The environment that you become embedded in with these works is multi-layered. There are more standout elements like the brutalist architecture and more subtle elements like the psychedelic shapes and textures. What is the environment like for you?

LP My work depicts an imaginary but attainable environment, one in which women are at the forefront. It’s a paradise both philosophically and environmentally, where nature and the artificial can live harmoniously.

Brutalist architecture strips away aesthetic. It revolves around honest, raw, minimal design. Why is this type of architectural and spatial design an element of the imagined futures?

LP Brutalist architecture creates differentiation within a space, adding moments of quiet as well as juxtapositions to nature. There’s a push-and-pull in such spaces much like dreams. These are idealized scenes that bring together opposing forces in order to realign what we think is possible.

Psychedelia and consciousness. Is psychedelia a key force in shaping these environments, or does it act as a tool to offset other parts?

LP It's a key force in adding to the obscure and dreamlike quality of my compositions. Adding such imagery alongside brutalist architecture, like I mentioned earlier, creates a dynamism I often see lacking in visions of the future. The world we choose to create can be a mix of many things. In fact, I’d argue that the world needs to be rooted in multiplicity.

Retrofuturism alongside vintage fashion. How do these manifest themselves in the works in cohesion?

LP I've gathered tons of vintage magazines throughout the years, and I think about the spaces, environments, and feelings I want to create. Mixing old and new, future and vintage, is a way to both elicit and confront nostalgic thinking in a future context. It’s about turning “what we could have been” into “what we can become.”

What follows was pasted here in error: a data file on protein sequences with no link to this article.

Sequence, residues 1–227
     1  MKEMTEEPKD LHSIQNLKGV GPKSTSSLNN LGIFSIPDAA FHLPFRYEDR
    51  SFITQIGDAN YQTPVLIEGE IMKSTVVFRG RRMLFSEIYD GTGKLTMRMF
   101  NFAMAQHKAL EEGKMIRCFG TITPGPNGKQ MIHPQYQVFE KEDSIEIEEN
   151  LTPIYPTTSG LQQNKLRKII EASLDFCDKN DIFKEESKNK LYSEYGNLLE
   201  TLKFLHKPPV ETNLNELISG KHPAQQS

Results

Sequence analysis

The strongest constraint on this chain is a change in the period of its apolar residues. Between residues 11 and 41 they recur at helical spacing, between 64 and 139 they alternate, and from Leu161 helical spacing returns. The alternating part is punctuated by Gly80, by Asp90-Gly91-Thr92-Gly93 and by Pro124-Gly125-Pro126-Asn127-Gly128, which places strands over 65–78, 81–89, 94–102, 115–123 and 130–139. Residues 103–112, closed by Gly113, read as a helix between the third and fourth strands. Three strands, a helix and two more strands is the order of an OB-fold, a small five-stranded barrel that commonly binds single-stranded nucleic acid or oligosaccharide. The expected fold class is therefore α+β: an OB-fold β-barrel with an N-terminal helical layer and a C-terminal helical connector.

Although surreal, the elements when operating as a whole appear to be in harmony. How does harmony sit within these imagined futures?

LP  I'm interested in creating a combination of places, people, and moments in culture that develop into a story of visual harmony. These are, of course, surreal but they’re also aspirational. The imaginary world is just as real.

Aside from design, are there any other types of thinking that come into play during the “collage painting” process?

LP I think about not only my fantasies but those present in other people's minds as well. I like to think how a viewer’s environment and life experiences may alter how they see a piece. If I can leave the door open enough for interpretation, then I think a piece is successful.

Where and how do you think artists interact with environments?  

LP Artists are inspired by what physically surrounds them. That can be our cultural environment, our literal environment, our generation, social media, printed matter, and so many other things.

Art has the power to traverse these environments, impact us as human beings, and inform our perception of the world around us.

Lindsey Price, having moved to and remained in the West Coast, found art was the only route through which she could express herself. Her practice was always experimental, traversing through various forms, unable to stay still. She later settled on mixed media, fusing photography, painting, design and animation into the “collage paintings” she creates today.